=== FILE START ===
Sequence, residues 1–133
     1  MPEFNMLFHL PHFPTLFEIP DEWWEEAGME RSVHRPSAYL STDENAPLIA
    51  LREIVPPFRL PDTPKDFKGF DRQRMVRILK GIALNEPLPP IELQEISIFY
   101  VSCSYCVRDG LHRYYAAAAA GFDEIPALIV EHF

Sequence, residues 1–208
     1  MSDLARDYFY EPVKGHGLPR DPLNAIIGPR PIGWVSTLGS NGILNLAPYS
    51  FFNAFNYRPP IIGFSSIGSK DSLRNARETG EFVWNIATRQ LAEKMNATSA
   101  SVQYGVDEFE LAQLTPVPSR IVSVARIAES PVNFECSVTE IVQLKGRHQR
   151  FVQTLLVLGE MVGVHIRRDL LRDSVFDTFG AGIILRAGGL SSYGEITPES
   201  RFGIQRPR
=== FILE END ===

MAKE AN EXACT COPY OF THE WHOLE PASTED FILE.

Sequence, residues 1–133
     1  MPEFNMLFHL PHFPTLFEIP DEWWEEAGME RSVHRPSAYL STDENAPLIA
    51  LREIVPPFRL PDTPKDFKGF DRQRMVRILK GIALNEPLPP IELQEISIFY
   101  VSCSYCVRDG LHRYYAAAAA GFDEIPALIV EHF

Sequence, residues 1–208
     1  MSDLARDYFY EPVKGHGLPR DPLNAIIGPR PIGWVSTLGS NGILNLAPYS
    51  FFNAFNYRPP IIGFSSIGSK DSLRNARETG EFVWNIATRQ LAEKMNATSA
   101  SVQYGVDEFE LAQLTPVPSR IVSVARIAES PVNFECSVTE IVQLKGRHQR
   151  FVQTLLVLGE MVGVHIRRDL LRDSVFDTFG AGIILRAGGL SSYGEITPES
   201  RFGIQRPR